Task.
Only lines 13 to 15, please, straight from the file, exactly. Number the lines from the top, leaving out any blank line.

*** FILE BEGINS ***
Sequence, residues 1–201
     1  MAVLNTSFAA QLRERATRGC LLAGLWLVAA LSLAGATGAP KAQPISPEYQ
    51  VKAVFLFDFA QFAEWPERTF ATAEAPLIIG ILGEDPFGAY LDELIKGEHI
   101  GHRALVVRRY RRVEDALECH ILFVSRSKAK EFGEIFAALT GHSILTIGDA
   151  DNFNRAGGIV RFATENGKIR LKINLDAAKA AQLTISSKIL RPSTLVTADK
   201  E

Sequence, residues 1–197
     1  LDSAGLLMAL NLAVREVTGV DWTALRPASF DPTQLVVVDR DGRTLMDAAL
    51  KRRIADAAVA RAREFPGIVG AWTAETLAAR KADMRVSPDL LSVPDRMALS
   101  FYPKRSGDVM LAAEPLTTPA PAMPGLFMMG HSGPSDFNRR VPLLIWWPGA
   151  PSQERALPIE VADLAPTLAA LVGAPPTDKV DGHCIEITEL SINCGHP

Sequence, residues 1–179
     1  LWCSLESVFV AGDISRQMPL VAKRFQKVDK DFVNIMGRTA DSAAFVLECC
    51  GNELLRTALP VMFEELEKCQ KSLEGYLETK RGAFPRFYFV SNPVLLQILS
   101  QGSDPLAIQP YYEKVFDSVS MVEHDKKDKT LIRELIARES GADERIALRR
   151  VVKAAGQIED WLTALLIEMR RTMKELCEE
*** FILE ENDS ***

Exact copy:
     1  LWCSLESVFV AGDISRQMPL VAKRFQKVDK DFVNIMGRTA DSAAFVLECC
    51  GNELLRTALP VMFEELEKCQ KSLEGYLETK RGAFPRFYFV SNPVLLQILS
   101  QGSDPLAIQP YYEKVFDSVS MVEHDKKDKT LIRELIARES GADERIALRR